Either the sky is falling or everything's just fantastic in Richmond, despite the economic malaise and gloomy job market forecasts. Two sets of employment surveys released last month to gauge the job market in Richmond predict very different futures for Richmond-area employees.
A survey released June 10 by Manpower Inc., the national temp agency and consulting firm, found 47 percent of Richmond-area employers would be cutting jobs between July and September. Richmond, in fact, ranked near the top of the cities Manpower surveyed regarding projected job cuts in the third quarter.
But not so fast. A second survey released a day later by Business First Greater Richmond -- a joint venture between the Greater Richmond Partnership and the Greater Richmond Chamber, the city's go-to business cheerleaders -- estimates only 4 percent of Richmond-area businesses plan to cut jobs over the next 12 months. While the time frame is broad -- forecasting 12 months out is difficult -- the Business First survey paints a very different economic picture.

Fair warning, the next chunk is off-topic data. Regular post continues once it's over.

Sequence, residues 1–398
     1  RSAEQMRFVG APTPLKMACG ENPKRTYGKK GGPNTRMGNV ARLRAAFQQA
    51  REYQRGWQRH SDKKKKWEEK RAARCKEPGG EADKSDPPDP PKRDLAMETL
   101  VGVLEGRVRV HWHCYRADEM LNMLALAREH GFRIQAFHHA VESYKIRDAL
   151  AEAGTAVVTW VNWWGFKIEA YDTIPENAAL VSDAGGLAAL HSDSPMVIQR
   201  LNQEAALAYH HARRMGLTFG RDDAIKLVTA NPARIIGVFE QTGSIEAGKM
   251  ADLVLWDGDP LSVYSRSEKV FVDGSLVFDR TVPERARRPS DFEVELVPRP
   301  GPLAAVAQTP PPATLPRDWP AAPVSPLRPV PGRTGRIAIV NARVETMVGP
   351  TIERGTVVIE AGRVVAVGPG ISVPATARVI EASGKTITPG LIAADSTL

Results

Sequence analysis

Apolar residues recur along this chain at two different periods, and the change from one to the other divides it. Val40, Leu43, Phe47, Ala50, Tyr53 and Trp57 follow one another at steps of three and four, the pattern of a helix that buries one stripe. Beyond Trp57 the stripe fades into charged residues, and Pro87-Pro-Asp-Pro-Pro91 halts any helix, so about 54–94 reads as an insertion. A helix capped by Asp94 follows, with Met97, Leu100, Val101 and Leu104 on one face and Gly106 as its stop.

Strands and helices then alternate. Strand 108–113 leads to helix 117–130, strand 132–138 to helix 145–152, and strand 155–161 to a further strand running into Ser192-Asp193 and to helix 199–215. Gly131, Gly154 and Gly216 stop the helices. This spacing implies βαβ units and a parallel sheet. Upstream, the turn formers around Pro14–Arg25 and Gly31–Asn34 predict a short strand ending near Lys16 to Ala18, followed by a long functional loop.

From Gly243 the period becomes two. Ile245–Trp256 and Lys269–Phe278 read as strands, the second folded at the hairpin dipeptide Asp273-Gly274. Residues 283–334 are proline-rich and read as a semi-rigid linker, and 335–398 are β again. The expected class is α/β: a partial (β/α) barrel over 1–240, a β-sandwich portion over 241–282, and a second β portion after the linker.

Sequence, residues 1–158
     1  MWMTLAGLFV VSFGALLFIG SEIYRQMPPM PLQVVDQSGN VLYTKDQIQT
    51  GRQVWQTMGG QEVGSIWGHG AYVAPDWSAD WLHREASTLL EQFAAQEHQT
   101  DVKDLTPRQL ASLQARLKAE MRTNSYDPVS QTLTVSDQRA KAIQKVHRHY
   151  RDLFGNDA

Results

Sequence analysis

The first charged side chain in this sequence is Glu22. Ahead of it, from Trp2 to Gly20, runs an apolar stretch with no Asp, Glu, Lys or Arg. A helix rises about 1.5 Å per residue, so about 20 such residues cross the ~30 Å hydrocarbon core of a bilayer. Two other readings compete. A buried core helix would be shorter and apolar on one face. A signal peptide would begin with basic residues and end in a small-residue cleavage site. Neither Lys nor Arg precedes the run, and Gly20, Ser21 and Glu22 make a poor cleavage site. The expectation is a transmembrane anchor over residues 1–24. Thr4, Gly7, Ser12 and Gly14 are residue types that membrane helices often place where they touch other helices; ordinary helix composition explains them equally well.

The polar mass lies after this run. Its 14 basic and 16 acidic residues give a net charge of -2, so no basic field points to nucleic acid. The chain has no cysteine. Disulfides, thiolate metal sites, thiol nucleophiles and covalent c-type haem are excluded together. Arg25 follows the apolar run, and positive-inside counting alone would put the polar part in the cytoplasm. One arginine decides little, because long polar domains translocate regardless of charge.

So, whom to believe?
Fortune 500 companies make up 98 percent of Manpower's customer base. The types of companies Manpower serves may be skewing the results, according to Sara Dunnigan, vice president of existing business services for Business First
"Some companies might fit a certain profile," she says. "A lot of companies that use temp agencies hire Manpower to staff up during periods of expansions. Those tend to be the first jobs that are let go and reflect the changing economy."
Business First conducts face-to-face interviews with local CEOs; 282 interviews conducted since July 1, 2007, were included in the recent survey. Dunnigan says the firms they interview range in size from one employee to 1,600 employees, making their research more diverse.
But maybe not as relevant. Manpower rotates the businesses it calls each quarter and interviews firms outside its clientele, according to Paul Holley, a Manpower spokesperson. It asks each company the same question: How do you anticipate total employment to change in the next three months as compared to the last three months?
"Over time, our findings link up pretty closely with what actually happens," he says. "We've been doing this for 45 years, so we are pretty confident it's accurate."
Business First has been interviewing companies for less than two years. After 45 years of surveying, Manpower's margin of error is down to 0.8 percent.
William F. Mezger, chief economist for the Virginia Employment Commission, wouldn't comment on the discrepancies, other than to say, "Everybody does things to promote their own agenda."